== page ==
One of the highlights of 2017 was a holiday in the Kimberley region where I stayed at a cattle station in the outback. In a word, it was ‘rustic’. I wanted to get back to basics. I wanted things to be stripped and pared down. No fancy white linen. No fancy toiletries. No room service. No frothy coffee. No tiny pats of butter. No strawberry jam in miniature pots.
I woke to billy tea boiling over a drum. The sliced bread found a place near it. The toast, charred and smokey, never tasted so good. The butter scooped from a shared container. I did not need reminders to keep my water bottle filled. The rain water was pure and sweet.
We camped one night on the banks of the King River. The full moon high in the sky.
So beautiful, I had to have a closer look. I rested easier under her benevolent eye.
At dusk someone saw the crocodile and casually mentioned, “There’s one out there!”. Excited, we asked, “where?”, “where?” until the red glint in torch light silenced us. The men reassured us the crocodile would not be climbing up the embankment to the tents. I needed more convincing!
The fire roared and danced like a dragon at Chinese New Year. Dinner was simple and delicious. The talk intense, and, just as delicious. I was with strangers. Yet, I was with kindred spirits. I was home. This, family.
My love affair with the boab tree intensified under a persimmon tinted sky. My gaze lingered. Reluctant to say goodnight, I took it to bed with me.
I woke to sunrise. Each alone, yet, still together.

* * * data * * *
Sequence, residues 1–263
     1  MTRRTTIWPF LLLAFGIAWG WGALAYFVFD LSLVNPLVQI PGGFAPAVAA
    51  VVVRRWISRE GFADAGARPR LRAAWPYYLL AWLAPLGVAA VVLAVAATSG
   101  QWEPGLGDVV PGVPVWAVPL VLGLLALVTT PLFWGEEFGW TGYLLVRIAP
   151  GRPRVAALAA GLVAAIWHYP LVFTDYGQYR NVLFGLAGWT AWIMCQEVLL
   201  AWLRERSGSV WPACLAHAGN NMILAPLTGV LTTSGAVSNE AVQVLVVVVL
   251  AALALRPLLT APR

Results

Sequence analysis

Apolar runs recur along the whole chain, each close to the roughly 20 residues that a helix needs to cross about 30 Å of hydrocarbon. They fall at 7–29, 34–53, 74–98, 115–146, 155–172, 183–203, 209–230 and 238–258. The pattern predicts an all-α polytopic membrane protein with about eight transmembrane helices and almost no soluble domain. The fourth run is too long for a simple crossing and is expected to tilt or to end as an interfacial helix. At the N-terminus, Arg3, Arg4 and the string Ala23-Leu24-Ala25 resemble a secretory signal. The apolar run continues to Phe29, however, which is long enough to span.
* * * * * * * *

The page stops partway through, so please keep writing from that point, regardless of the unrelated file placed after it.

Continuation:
The King River glistened, as did the ranges beyond.
The trees along the bank, carried birdsong across the river.
The beautiful kapok trees were in bloom everywhere I looked. I love these flowers! Oh! those Kimberley hues!
The challenge, for me, was walking in tall grass to the ‘thunderbox’, some several hundred meters away in the bush, with blue ribbons for signposts.
There was just one rule. If the toilet roll was missing, wait your turn!
Someone fished for breakfast, to add to the bacon and eggs.
Patience was rewarded.
A piece of precious barramundi cooked simply in butter, salt and pepper, shared carefully, like manna, found its place on our plates. I knew at that moment, I would never order barramundi in a restaurant again. Fresh from the river, it was the sweetest fish I’ve ever eaten.
Most surprising of all, once I overcame my fear of walking in tall grass (this being snake and big lizard country), I found delicate, tiny flowers blooming in the harshest country.
Getting back to basics, I learned, all things are possible. Even for a city girl, like me.
Until next time,
a dawn bird